DAILY TROJAN, Vol. 50, No. 73, February 19, 1959
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— PAGE THREE — Fine Arts Students Peddle Wares Southern DAI I-Y C^3l if*ornia TROJAN PAGE FOUR »*CC Foes Reverse Field Favor Free Ride /oi. i LOS ANGELES, CALIFORNIA, THURSDAY, FEBRUARY 19, 1959 NO. 73 Novelist Sees Need For Real Realism The need for a literary trend toward a real realism winch defines man as he is by his capabilities and potentialities was stressed yesterday by novelist Frederick Shroyer. Dr. Shroyer., an associate professor of English at Los Stale Colle and au- of 1 wo novels, described > Making of a Novel” for ibers of the Faculty Club at Ans t hot •TIi, men their weekly luncheon ■‘Romanticism and naturalism sre both distorted mirrors am’ untrue statements of life," he said. "What ihe modern lovcl should do is move toward re<ii realism.” FREDERICK SHROYER . . 'real reality needed' Sorority Gives Science Fund Gift of $200 A good novel should be a close, intimate, historical picture—“a mirror of the times.” Dr. Shroyer contended that the sincere novelist believes that truth is more important than facts. "The novelist arranges rather than creates.” he explained. •‘What he creates is really an outgrowth of actual or vicarious experiences.” Prime I’urpoose He went on lo state that the prime purpose of a novel is to entertain, and the writer must bring the reader into his worn, ¡■‘as the honey in the flower brings the bee.” The function of the author actually becomes threefold: to crc-aie suspense and interest, to explain something and lo make ¡.judgment. "All fiction is suspense,” Dr. Shroyer said “and suspense is what attracts the reader and keeps his interest. “In explaining something, the ¡author often explains the re?der j to himself, and this also is an important element of the novel.” Makes Judgment “The fiction writer makes un-1 conscious judgment,’’ he contin-|ued, “but judgments should be conscious because they are more controlled. “ Bad novels, in thems?lves also may make judgments, and if these books enjoy popularity, the judgments are indicative of -he type of society which reads them.” In addition. Dr. Shroyer told how factual material can be manipulated in writing a novel and cited Ernest Hemingway’s “The Old Man and the Sea” as Sophomore Confusion About President Ends Snavely Will Head Spring Government Committee To Talk On Bookstore Sales Wednesday. By JOE SALTZMAN Judy Snavely, ASSC - elected sophomore class vice-president, accepted full responsibilities yesterday as the man Stan Arkin and Frederic W. Grayston, bookstore manager, A special committee composed of ASSC President Scoti F i t z | “Suggestions from other Sen--official president of her class after one of the most con-Randolph. “Trust-Buster” chair- j aie members will be welcomed fusing and. bitter semesters in the history of sophomore at that time.” Chairman Arkin student government. said Immediately after last weeks] the first meeting of the Senate meeting dissension arose j "f» semester the official presin the three-man committee-1 "?e"‘ sald- “Te flnaJly acconv Dayle Barnes. Mike Loshin (both pl,shehd something- because we senators-at-larget. and Arkin. "“».have a president in .fact and Arkin had called Barnes a,no ,n "fme ? y' , . , .I**.* At this initial meeting, the blasphemer whose idealistic re- 1 & marks and sleeping achievements Photo by Carol Prager INTEGRATION IMPERATIVE—Dr. Paul Lawrence, first Negro school superintendent in California, stressed the importance of integration in United States schools if the nation is to remain strong. Dr. Lawrence addressed a group of CSTA and SC Educational Council members yesterday. A $200 contribution to 1he an example. Harry J. Deuel Jr. memorial Manipulating act* fund in biochemistry and nutri- ( in 1936 Hemingway was living lion was recently presented by jn Cuba and wrote an article for the SC chapter of Iota Sigma 'Esquire on his experiences there. Pi, national honorary sorority jn the story he mentioned an old for women in chemistry. .Cuban fisherman who had been The check was presented to at See for three days and re- Dr. Milton C. Kloetzel, dean ot turned to his village with only the SC Graduate School, by Mrs. the skeleton of a huge fish. The Osman R. Hull, wife of the form- flesh had been eaten by sharks, er dean of the School of Educa- Nobel-prize-winning novel is non, §1 a luncheon in the Com- based on this story, mons. "The real record of society is Dr. Deuel was a noted bio- : ¡n jls literature,” explained Dr. chemist and dean of the SC ^ 1eJ Graduate School at tlie time of his death in 1956. The fund in hip name provides an award each June to a student earning group of a novel [where the "raw stuff’ jis obtained. I He cited the newspapers of the r L-. u., a.___times as productive sources of the doctor o p t osop i> < g noveis told how he made use I of them for his latest novel, in biochemistry. Mrs. Wallace A. Craig, chemis- , „ x* iu 1 Journev Into Winter. try leacher at Marlborough | ___+v,„_ School, presided at the luncheon. ,. IT . 4 tous origins of She is secretary of the Pacific *___ Southwesl Association of Chemist ry Teachers and president of Iota Sigma Pi alumnae in I>os Angeles. Shroyer then told of the var-his first novel, Wall Against the Night,” a story of the great depression in the mid-west and man’s inability to find ihe strength which he seeks. Segregated We Fall, Says Negro Educator The United States divided against itself racially cannot stand long. Dr. Paul Lawrence, first Negro school supervisor in California, told a gathering of the California Student Teachers Association and SC Educational Council members here yesterday. Dr. Lawrence, who has been superintendent of the Willow-brook School District for the past two 'years, discusse d ‘‘Thoughts of Brotherhood Week.’’ The talk was the first in ff Series of monthly lectures being sponsored by the two educational organizations. Togetherness He pointed out that many influential ancient societies collapsed because “people weren’t together,'’ and added that “we too could fall, and much harder, because we are so much bigger.” Dr. Lawrence centered his talk around a book he is now writing on integration in the United States. “My first chapter will show that the people of the United States are just like a pot of soup,” he said. He said that a nation, like soup, must be blended with diverse ingredients in the proper proportions. The result in both instances is most effective when no one element dominates and all do their part for the common good, he said. Describes Chapters “In my third chapter I will try to point out who has the right to call this nation his nation . . . I will show the parts that many kinds of peoples have played in | this nation,” he continued. Another question which Dr. j Lawrence said he would answer ! in the book is “Can we afford | discrimination?” “If I had time I would like lo ! tell how costly discrimination is, ' not only to a man's soul, but in j cash dollars,” he said. For illustrations, he referred | to various areas in the south I where two segregated schools ; now are performing a function j which could be handled ade-i quately by one integrated school. Society Suffers ‘’Discrimination is a kind of cancer in American society. It does ,something as bad to the white society as it does to the Negro society.” he declared. He emphasized that progress, although gradual, has been made toward racial unity in the United States during recent years. “I do sincerely believe, -however. that this nation will stand united and I and others may be able to help give that push toward unity,” he concluded. will meet with acting Financial Vice President Elton D. Phillips to discuss ihe operations and sales records of the University Bookstore, today at 9 a.m. Arkin, head of a student senatorial investigating committee, said that this meeting, the first in a series of executive meetings, will let. the committee and the student body president find out how the bookstore’s price policy is set and how used textbook buying and selling is handled. ‘Save Money’ “We are trying to save the student mony when he buys his books next semester,” Arkin said. “The only way that we can suggest for doing this is by understanding how the book store sells and buys the lextbooks students use during the semester.” “With this initial meeting,” he continued. “I hope that we can get an extensive background so that subsequent meetings can be filled with senatorial suggestions for a more efficient and a more economical book store.” First Report The committee, organized by Fitz Randolph, will give its first report at the Senate meeting on sophomore class council climaxed . . | a semester of dual leadership in were contrary to that of a lead- . . , .. . . , «... J • which the elected president. Dave Gissell, served as actual er. Barnes' Answer To this Barnes said “Stan is no doubt concerned over this particular study.” “Were I the chairman of a committee,” he continued, “I would react in the same manner it not one of the prominent student leaders on the ASSC Senate wished to serve with me on the committee.” “Stan is doubtless correct in assuming that I was dozing during the time his bookstore motion was up for consideration,” he said, “for as I remember, it was Stan who was doing all of the talking during this period.” Barnes declared that the committee chairman, to find substantiation for the theory that no matter how worth while a project is it can always be made an instrument of personal attack,” used a biased approach in this senatorial inquiry. Model United Nations Justice Posts Filled Ten SC law students who will fill remaining positions on th>* Model United Nations’ fourth International Court of Justice, scheduled April 22-25 at SC, were announced today by Joel Fisher, Model U.N. assistant secretary-general. Justices from SC will include George Baechtold, John Bedros-ian, Harvey Gerber, Mason Knight, Laurence Klugman, Gerald Ravdon, Ernest Schag and S>cott Simon. Ben McKesson and Bill Wirin were named chief counsels. Previously appointed were Sid Adair, registrar and William Pippin, chief justice. UCLA and Loyola University will each be represented by three justices at the court, which will hear hypothetical international disputes brought voluntarily by the “nations” involved. ‘‘The court of justice is a re-j cent development in Model United Nations history, originating within the past three years. It has become one of the most popular component parts of the conference,” Fisher said. “It was developed to give the research specialist in a Model United Nations delegation the type of activity he might excel in, and has produced scholarly work touching on several important international issues,” he declared. Summer Session Teacher Classes Will Be Offered Secondary school teachers will have the opportunity to study the most recent advances in their respective fields this summer at SC. Sponsored by the National Science Foundation, summer instil uies will he offered by the department of biology, chemistry and mathematics. The foundation pays tuition and provides participating high school teach-rrs with $75 a week during the six weeks of the program, plus an additional allowance for dependents. Any high school teacher w ho is teaching a course in one of the academic year 1958-59 may apply for participation at SC by writing 10 Dr. Jav M. Savage, department of biology. Dr. Charles S. Copeland, department of chemistry, or Dr D. Victor 9teed. department of mathematics. KUSC-TV Audience Will See New Shows; Recital, Odyssey To Hold Debuts Today Foreign Culture, Music Prepared Biochemist Starts Sabbatical Leave Dr Sf* ri Jt W. Mehl. head of the ment of biochemistry and nutrition, arrived burgh. Scotland, today p seven months sabbatical leave on a Commonwealth Fund Fellowship. During his leave in Scolland. Di Mehl will study cell div ision, one of the age-old mysteries of science. His research will be con- Two brand-new shows—Recital and Trojan Odyssey—will make their debut today over KUSC-TV. Lyric soprano Shigeko Peggy Iinuma. a graduate student in music from Tokyo, will make her appearance as soloist on Recital at 12:15 this afternoon. Selections from Giacomo Puccini's “Madam Butterfly” will be highlighted on the new show's first program. Daughter of the former Chamberlain of Prince Yamashina. Miss Iinuma lived and studied in Japan until 1954 when she came to this country on a scholarship from Baylor University. Performances Today’s recital will not be the first time Miss Iinuma has sung "Madam Butterfly.” In 1958 she appeared with the noted American tenor. Chris Lachona, and performed Puccini’s famous op-in Edin- ela at 1he Beverly Hills Women's to l>egin 'u^- The lyric soprano's credits also include appearances at the Visalia Civic Club; Sacramento Allied Arts Club: and the Etude Musician's Club in Los Angeles. Recital is staffed by telecommunication students Buddy Far- uate student in fine arts from Baghdad. Language Show The show will also focus on “Honor Foreign Language Week,” Ran Sing, a graduate student in physics, will represent SC’s Asiatic studies department. Sing, who speaks Russian. Japanese, German. French and Indian. will discuss the meaning of foreign languages to everyone. Trojan Odyssey is directed by Tom Brodek. Both Recital and Trojan Odyssey can be viewed in 231. AHF. KUSC-TVs regular viewing room. KUSC-TV, a student-operated station under the auspices of the department of telecommunications, is not part of any formal curriculum. All of the time devoted to production and broadcasting is volunteered by , the staff of 60 students, and performers from throughout the student body and faculty. The station is currently operated on a closed-cireuit basis. but not nominal president, and Miss Snavely acteu the role of an ornamental figurehead. Dual Leadership This “era of dual leadership” came into being when Gissell, elected sophomore president by nearly 200 votes, was declared ineligible to take office because c£ grade deficiency of Vi grade unit (he was put on probation). According to the ASSC Constitution. Miss Snavely, elected vice-president in the same election, had three choices outlined to her by ASSC President Scott Fitz Randolph. They were: (1) Take over the duties of president as the official sophomore executive. (2) Make provisions for a re-election (impratical as well as contrary to university policy). (3) Appoint Gissell as her advisor, giving him a “proxy” Senate seat and the right to “run” the council meetings. Official Adviser Vice-President Snavely, having a week to make her decision, made Gissell her "official sophomore adviser” giving him the actual powers of the sophomore presidency. Fitz Randolph said that it was entirely her choice as “she was in the driver’s seat “and had the ultimate choice in the final decision.” “Evidently,” the ASSC president continued, “she (Snavely) and Dave (Gissell) got together and made some arrangement and I was perfectly happy that the sophomore council had come together under the unified leadership of an able pair.” No Choice Miss Snavely, however, said that she did not have much choice in the matter of making Gissell an adviser. .“He was upset about the entire situation,” she said, “and I thought that he was sincere and that it was unfair that he could not become the official president. so I gave him another chance.” Activities Limited Her activities during this period were laregly limited to those of the vice-presidential office. And, as she puts it, “two presidents—one in practice and one on paper—did not work out.” “He (Gissell) just didn’t have the time.” she said. “It wasn’t that he did not make an honest attempt to do a good job but there was just too much for him to dc.” She clarified this last remark by saving that Gissell was car- j rving 17 units of classes, various ! China War Films Will Be Shown ANIMATED DISCUSSION - KUSC-TV's Tom Brodek, Ron Way and John Winneman are all smiles as they peer over the shoulders of Arab Association members who'll be the DT Photo by Dave Gallaeher first guests on their new show, Trojan Odyssey. Today's discussion will focus on ............... ..... ..... .......... Near Eastern culture. ducted at the University of Ed- nan, producer, and John Doyle, inburgh. i director. The manner in which a living j Odyssey cpII divides itself is si ill in the j Immediately following Recital realm of scientific mystery ac- at 12:30 p.m. today, Trojan cording to Dr. Mehl. who will Odyssey will also make its initial concentrate on theories involving appearance on KUSC-TV. through ihe art. history, culture ¡student in international relations Awni. cinema major from Bagh- j has been in charge of the dark- proiein particles. i Telecommunication major Ron ,and problems of their people. ¡ from Syria, U.A.R.; George Harb, ¡dad, Iraq; Yousif Ghulam, grad-j room at the campus photo shop, j Way, who writes and produces Trojan Odyssey, said that the new' show is designed to improve Host John Winnerman, senior, will open the showr by interview- pictorial engineer major from Jerusalem, U.A.R.; Raymond ing SC’s Arab Association mem- Takla, civil engineering understanding of other countries ¡bers: Ghazi Khankan. a graduate from Beirut, Lebanon; major Kanin George Krain. Russian-born photographer and former Universal Newsreel staff cameraman in China, will show slides of the Japanese capture of Shanghai tomorrow at 12:30 p.m. Krain, who wall speak at the cinema building, 659 W. 35th St., will tell of his adventures in China, Manchuria and Korea. For the past eight years he Today's Weather SC will have mostly sunny weather today. It will be partly cloudy in the afternoon. with a high of 67. Songfest Group Meets Today The first meeting of the Songfest Promotional Committee, consisting of one representative from every living group on campus, will he held today in 418 SI! at 3:1.» to discuss preliminary plan« for i>n»-moting this year’s show. Songfest will be held Saturday night. May 18. in the world famous Hollywood Bowl. Last year «(H)0 people attended. Besides this committee, which will actively promote the event. Chairman Jim Stewart and members of the Publicity Committee have planned a direct mail campaign for alumni. This will, according to Stewart, acquaint alumni with the comparatively new Trov-dition and considerably increase ticket sales. JUDY SNAVELY . . . new soph president activities and naval training work. Leadership Lacking “Our problem during the first semester was basically one of leadership,” she explained. “Gcod leadership was definitely lacking.” She took the blame for this as official president, she said. Although last semester’s executive members were perfectly legal in their activities by a liberal interpretation of the university constitution, the fact remains that a student whose grade average falls beneath that necessary to hold a public office should net be given a special position. Now headed by their president Miss Snavely, the sopomore class council will pick up the threads of a broken executive board in an attempt to contribute something constructive to the university. KUSC To Air Society Views On Languages Four SC students will be featured guests on KUSC-FM’s “International Inn” tonight at 7:30. The students—Pat Constantine, Allan Croghan, Ram Singh, and Willard Traucht—are members of Alpha Mu Gamma, a national honorary society currently sponsoring “Foreign Language Week” (Feb. 13 to Feb. 20). During a 30-minute panel discussion, the four will be interviewed by KUSC-FM’s moderators. Buddy Faman and Lorraine Holnback. The purpose, function, and history of Alpha Mu Gamma will be discussed along with the question “What is Foreign Language Week?" The practical advantages of a foreign language in improving international relations will also be discussed. Students may join Alpha Mu Gamma if they have completed three semesters of a foreign language and received at least two B’s and one A. They must also have a cumulative average of c> Police Seek Out SC Pharmacist Some of SC’s professors are so popular they even get mail from Scotland Yard. Some time ago pharmacy professor John Biles, in eoliahora-i tion with former graduate student“ W. G. Penrose, now an L.A. (>olice criminologist, published a paper describing a procedure for greatly shortening the time re-, quired to analyze and identify certain narcotics. The new procedure, invaluahl** in police work, shortened the analysis time from two minutes to one hour. Former methods took from four hours to several days. Since then Biles has been deluged with requests ror the Biles-Penrose paper from law enforcement agencies all over the world. His latest request — from Scotland Yard.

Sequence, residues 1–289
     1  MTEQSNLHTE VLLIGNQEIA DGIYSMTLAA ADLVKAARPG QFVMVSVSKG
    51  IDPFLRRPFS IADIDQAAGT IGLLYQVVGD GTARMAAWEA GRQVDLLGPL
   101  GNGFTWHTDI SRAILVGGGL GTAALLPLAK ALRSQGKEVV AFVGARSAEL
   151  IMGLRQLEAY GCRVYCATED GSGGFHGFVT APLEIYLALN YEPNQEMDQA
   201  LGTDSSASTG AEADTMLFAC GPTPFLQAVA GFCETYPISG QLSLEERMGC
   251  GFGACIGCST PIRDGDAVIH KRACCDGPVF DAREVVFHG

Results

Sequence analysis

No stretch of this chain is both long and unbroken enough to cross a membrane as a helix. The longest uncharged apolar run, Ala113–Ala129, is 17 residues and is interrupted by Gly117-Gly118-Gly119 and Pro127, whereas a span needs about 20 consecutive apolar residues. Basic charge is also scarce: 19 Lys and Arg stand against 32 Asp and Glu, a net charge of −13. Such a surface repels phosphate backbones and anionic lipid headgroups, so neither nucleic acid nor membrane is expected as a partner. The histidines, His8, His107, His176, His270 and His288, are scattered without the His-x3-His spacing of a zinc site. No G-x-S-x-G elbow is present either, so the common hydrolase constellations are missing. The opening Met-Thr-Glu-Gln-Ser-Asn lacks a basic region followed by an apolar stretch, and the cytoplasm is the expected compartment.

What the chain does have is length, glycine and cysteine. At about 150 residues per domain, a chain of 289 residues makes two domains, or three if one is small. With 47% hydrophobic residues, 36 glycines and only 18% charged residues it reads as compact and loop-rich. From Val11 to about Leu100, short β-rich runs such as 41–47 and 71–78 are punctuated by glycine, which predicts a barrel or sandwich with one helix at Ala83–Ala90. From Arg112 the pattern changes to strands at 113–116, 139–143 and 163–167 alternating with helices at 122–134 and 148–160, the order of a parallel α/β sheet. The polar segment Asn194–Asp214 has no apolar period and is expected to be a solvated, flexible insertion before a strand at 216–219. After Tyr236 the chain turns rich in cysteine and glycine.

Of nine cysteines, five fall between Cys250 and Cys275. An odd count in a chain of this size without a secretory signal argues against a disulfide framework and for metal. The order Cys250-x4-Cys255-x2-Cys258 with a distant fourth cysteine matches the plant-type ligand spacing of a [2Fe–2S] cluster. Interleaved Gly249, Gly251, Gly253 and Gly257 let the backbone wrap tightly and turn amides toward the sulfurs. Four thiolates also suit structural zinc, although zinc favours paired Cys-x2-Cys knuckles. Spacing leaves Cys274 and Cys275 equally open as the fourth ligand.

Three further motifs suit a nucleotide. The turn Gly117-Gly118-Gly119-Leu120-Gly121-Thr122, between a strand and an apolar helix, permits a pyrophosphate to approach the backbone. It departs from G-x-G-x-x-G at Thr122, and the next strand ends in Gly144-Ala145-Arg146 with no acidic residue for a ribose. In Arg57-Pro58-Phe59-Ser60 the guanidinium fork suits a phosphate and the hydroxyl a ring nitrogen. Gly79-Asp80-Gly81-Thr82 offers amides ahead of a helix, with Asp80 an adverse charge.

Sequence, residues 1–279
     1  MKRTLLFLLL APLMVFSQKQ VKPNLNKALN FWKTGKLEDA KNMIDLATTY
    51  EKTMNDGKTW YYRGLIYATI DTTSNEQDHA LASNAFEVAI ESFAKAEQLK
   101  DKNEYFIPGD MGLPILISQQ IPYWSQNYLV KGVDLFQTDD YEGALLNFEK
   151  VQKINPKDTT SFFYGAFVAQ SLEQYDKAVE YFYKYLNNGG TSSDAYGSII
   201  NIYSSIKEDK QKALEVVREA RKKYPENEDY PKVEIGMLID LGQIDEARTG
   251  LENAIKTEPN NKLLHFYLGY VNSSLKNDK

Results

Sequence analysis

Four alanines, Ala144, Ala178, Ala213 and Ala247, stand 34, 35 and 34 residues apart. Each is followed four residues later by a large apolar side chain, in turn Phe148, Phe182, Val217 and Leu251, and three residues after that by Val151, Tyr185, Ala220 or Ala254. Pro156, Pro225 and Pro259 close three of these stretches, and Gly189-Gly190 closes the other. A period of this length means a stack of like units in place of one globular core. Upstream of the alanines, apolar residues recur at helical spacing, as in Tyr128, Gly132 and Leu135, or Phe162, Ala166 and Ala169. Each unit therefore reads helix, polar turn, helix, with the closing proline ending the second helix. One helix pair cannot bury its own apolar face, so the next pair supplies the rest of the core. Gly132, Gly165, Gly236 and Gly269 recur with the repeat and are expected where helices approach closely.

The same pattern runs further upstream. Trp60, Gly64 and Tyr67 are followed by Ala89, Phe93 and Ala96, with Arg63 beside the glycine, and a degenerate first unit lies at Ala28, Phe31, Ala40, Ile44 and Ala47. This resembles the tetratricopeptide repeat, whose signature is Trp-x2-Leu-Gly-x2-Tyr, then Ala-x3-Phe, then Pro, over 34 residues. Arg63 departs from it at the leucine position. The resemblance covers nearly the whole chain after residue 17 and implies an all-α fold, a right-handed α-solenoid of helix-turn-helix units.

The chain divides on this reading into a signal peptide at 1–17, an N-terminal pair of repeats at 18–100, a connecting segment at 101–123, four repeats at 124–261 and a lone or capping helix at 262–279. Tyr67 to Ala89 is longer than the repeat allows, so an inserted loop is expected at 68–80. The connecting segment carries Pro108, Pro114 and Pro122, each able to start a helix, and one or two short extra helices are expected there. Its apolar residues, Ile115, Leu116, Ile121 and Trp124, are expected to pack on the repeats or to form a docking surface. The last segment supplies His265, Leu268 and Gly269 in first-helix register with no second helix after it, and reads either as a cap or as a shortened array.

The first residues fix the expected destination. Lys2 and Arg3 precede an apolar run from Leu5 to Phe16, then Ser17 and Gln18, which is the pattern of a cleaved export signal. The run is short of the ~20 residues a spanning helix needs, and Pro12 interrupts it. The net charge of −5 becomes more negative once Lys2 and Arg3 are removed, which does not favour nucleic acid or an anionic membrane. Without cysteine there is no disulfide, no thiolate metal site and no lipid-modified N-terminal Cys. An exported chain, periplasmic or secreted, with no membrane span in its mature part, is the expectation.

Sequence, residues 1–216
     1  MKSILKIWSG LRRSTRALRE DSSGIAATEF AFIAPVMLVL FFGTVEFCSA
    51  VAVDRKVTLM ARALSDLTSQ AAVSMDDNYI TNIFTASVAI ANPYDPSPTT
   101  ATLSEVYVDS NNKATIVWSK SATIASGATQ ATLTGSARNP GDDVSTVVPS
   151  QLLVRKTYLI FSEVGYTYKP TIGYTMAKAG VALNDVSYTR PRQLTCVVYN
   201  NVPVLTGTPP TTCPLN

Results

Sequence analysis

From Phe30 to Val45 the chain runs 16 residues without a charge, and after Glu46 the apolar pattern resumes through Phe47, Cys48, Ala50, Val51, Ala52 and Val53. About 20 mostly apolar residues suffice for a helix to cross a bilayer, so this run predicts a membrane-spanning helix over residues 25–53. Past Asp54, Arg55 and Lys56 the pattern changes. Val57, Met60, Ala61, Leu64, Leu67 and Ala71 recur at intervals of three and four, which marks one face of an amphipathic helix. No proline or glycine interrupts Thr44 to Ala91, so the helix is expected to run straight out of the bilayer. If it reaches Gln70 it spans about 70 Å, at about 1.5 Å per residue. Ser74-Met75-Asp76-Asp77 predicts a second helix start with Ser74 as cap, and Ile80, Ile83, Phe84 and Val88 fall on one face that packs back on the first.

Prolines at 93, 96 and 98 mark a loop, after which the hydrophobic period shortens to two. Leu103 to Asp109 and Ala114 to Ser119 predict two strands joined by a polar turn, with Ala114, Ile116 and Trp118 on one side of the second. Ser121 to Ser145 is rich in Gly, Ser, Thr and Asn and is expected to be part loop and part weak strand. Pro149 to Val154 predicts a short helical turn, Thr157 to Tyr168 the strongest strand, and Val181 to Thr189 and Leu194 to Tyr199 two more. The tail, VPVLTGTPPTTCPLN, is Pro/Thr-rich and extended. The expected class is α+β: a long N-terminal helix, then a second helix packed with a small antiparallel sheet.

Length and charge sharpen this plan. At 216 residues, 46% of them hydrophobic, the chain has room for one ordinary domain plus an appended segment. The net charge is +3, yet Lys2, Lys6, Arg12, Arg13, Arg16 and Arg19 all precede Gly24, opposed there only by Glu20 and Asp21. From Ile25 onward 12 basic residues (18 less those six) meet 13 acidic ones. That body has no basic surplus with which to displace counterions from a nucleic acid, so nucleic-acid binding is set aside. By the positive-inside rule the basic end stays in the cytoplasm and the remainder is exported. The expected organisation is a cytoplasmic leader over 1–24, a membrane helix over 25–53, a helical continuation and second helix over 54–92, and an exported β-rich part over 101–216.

|Title||DAILY TROJAN, Vol. 50, No. 73, February 19, 1959|
|Description||DAILY TROJAN, Vol. 50, No. 73, February 19, 1959.|
|Contributing entity||University of Southern California|
— PAGE THREE — Fine Arts Students Peddle Wares Southern DAI I-Y C^3l if*ornia TROJAN PAGE FOUR »*CC Foes Reverse Field Favor Free Ride /oi. i LOS ANGELES, CALIFORNIA, THURSDAY, FEBRUARY 19, 1959 NO. 73 Novelist Sees Need For Real Realism The need for a literary trend toward a real realism winch defines man as he is by his capabilities and potentialities was stressed yesterday by novelist Frederick Shroyer. Dr. Shroyer., an associate professor of English at Los Stale Colle and au- of 1 wo novels, described > Making of a Novel” for ibers of the Faculty Club at Ans t hot •TIi, men their weekly luncheon ■‘Romanticism and naturalism sre both distorted mirrors am’ untrue statements of life" he said. "What ihe modern lovcl should do is move toward re